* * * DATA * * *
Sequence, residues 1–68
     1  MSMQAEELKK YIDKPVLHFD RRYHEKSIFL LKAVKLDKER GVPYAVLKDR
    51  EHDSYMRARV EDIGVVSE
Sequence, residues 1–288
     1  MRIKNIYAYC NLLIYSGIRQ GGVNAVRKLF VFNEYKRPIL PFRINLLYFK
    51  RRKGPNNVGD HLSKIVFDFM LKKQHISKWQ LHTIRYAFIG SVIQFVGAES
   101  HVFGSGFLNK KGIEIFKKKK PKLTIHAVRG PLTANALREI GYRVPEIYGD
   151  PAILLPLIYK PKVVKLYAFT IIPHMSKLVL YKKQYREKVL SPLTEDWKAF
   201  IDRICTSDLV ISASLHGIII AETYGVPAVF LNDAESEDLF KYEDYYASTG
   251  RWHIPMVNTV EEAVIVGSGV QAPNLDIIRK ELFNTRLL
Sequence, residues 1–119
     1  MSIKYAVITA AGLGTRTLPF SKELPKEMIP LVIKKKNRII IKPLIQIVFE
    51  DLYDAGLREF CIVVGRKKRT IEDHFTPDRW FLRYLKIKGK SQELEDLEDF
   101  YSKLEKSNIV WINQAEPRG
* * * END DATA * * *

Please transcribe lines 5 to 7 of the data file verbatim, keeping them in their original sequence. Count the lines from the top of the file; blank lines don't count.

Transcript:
     1  MRIKNIYAYC NLLIYSGIRQ GGVNAVRKLF VFNEYKRPIL PFRINLLYFK
    51  RRKGPNNVGD HLSKIVFDFM LKKQHISKWQ LHTIRYAFIG SVIQFVGAES
   101  HVFGSGFLNK KGIEIFKKKK PKLTIHAVRG PLTANALREI GYRVPEIYGD